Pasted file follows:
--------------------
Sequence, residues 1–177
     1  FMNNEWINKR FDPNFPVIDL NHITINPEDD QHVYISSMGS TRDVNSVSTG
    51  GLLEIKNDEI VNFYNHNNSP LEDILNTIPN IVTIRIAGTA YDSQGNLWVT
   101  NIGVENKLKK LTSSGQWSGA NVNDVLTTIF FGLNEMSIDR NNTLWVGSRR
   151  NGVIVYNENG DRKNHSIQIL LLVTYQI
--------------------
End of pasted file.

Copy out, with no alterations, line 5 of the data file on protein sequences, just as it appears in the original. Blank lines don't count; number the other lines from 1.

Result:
   151  NGVIVYNENG DRKNHSIQIL LLVTYQI